Main activities of CHAL-USA
In the metropolitan city of Chennai, there has not been a single reported case of rabies among humans for several years now.
This is thanks to the untiring efforts of the Chennai-based Blue Cross of India, a 50-year-old animal welfare organization, which launched the ABC-AR (Animal Birth Control-Anti Rabies vaccination) program more than four decades ago.
The organization rounds up stray dogs, which are then taken to its shelters and spayed or neutered. They are then vaccinated against rabies and released into the very neighborhood from where they were picked up.
By reducing the capacity of street dogs to overpopulate, the overall likelihood of negative encounters between humans and stray dogs is reduced.
Research has shown that the health of a dog living in a community of sterilized dogs is buffered.
As the dogs cease to be perceived as a health threat, there will be little or no need for local governments to engage in the kinds of horrific wholesale slaughter of dogs by the catch-and-kill procedure that had been in practice until a couple of decades ago in some metropolitan cities of India.
Today, a number of other animal welfare organizations in India are engaged in the ABC-AR program. More are needed to check the spread of the dreadful disease among India’s street dogs, estimated to be between 8 and 20 million.
CHAL USA’s mission is to support proven programs enhancing the welfare of street dogs, as well as the human communities in which they live in villages, towns and cities in South Asia.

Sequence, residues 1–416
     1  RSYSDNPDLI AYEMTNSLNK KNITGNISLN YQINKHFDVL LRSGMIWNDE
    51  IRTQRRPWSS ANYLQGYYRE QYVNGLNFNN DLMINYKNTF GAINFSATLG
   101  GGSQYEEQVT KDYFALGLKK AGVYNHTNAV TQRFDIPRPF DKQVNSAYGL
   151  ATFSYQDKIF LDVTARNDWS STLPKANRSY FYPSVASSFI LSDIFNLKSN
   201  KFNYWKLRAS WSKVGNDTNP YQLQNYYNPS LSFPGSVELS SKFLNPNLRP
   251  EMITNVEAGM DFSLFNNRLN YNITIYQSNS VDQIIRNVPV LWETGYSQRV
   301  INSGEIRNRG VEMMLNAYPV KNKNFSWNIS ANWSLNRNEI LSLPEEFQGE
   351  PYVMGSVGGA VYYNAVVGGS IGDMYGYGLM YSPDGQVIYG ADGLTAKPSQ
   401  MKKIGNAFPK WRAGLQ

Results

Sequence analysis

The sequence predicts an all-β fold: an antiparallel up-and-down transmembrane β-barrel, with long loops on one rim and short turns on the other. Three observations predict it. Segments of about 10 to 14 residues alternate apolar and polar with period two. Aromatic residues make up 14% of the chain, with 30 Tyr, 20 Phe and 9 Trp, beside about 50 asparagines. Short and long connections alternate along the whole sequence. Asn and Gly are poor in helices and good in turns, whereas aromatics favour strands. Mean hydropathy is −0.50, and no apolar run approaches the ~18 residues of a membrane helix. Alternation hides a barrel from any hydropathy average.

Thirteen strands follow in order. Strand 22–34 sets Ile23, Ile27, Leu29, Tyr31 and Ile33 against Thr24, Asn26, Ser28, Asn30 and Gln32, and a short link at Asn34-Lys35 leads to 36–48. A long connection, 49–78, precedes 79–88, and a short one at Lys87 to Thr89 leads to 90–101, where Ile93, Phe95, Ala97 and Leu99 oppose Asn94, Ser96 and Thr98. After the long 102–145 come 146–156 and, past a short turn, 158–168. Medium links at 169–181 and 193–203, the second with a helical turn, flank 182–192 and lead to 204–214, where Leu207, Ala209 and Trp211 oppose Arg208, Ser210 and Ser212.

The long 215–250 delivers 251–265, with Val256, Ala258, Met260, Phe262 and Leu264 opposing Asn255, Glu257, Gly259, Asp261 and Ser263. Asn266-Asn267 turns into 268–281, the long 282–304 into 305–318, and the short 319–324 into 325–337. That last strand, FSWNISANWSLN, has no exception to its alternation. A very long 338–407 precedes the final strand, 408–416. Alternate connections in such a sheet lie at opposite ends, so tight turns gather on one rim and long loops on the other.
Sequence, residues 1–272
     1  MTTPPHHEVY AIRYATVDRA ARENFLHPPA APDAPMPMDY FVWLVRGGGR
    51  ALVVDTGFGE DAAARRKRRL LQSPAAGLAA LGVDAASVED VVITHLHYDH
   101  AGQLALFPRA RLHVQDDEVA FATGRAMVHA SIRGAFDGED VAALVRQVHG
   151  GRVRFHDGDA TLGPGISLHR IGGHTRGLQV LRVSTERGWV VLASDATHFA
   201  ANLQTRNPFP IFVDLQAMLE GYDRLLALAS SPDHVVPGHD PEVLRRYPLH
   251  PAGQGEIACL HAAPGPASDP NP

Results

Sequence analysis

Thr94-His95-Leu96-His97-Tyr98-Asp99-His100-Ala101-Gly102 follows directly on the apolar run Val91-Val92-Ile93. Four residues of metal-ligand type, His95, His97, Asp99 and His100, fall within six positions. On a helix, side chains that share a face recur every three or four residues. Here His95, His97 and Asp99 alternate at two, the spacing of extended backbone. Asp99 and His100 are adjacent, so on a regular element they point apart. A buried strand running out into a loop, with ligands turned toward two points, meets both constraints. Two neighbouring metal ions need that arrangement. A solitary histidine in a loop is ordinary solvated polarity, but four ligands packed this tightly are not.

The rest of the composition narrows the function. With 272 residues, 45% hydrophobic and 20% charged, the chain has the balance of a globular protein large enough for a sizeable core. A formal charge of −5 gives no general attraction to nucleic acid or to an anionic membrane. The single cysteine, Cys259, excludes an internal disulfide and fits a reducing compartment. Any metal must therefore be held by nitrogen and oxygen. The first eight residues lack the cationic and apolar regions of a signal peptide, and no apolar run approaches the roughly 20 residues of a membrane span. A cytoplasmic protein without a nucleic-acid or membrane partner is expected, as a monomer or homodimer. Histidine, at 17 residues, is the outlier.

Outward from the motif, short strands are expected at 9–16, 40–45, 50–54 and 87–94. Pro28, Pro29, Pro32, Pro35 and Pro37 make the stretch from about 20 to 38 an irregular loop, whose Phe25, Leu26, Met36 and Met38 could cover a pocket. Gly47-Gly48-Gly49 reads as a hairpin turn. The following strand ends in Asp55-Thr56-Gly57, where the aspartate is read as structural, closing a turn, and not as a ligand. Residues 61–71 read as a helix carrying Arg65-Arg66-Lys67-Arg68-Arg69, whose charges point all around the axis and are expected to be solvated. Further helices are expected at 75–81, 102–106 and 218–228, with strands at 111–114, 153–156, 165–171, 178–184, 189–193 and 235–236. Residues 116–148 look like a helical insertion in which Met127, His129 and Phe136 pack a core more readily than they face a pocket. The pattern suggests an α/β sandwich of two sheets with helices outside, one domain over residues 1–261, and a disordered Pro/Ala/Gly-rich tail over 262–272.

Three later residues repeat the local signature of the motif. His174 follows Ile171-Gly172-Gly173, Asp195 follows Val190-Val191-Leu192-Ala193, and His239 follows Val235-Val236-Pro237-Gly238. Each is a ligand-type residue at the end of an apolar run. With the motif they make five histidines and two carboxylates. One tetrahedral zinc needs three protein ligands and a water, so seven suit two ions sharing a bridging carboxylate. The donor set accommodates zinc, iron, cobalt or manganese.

Our first and counting
In early 2014, CHAL made its first grant raised through donations from generous supporters.
The money was given to Blue Cross of India, which is collaborating with ‘Mission Rabies’ to cover the cost of catching, sterlizing and vaccinating approximately 1000 street dogs.
In September 2013, Mission Rabies launched with a massive campaign, powered by veterinarians and volunteers from 14 countries, to achieve over 60,000 dog vaccinations in just 28 days across 12 locations in India. They now aim to vaccinate 2 million dogs over the next three years in key rabies-affected areas, as well as train an army of over 200 Indian veterinarians in sustainable, humane dog population and rabies control.
Blue Cross of India in Chennai has been in the forefront of the ABC-AR program, found to be an effective means of checking the spread of rabies.
Through their efforts, the city of Chennai has been declared rabies-free and has remained a poster child for other cities to emulate.
Ilona Otter is the clinical director of the Worldwide Veterinary Service International Training Center.
She periodically trains veterinarians working in animal welfare organizations in India on the best practices for the ABC-AR program, including the responsible use of antibiotics and release time.
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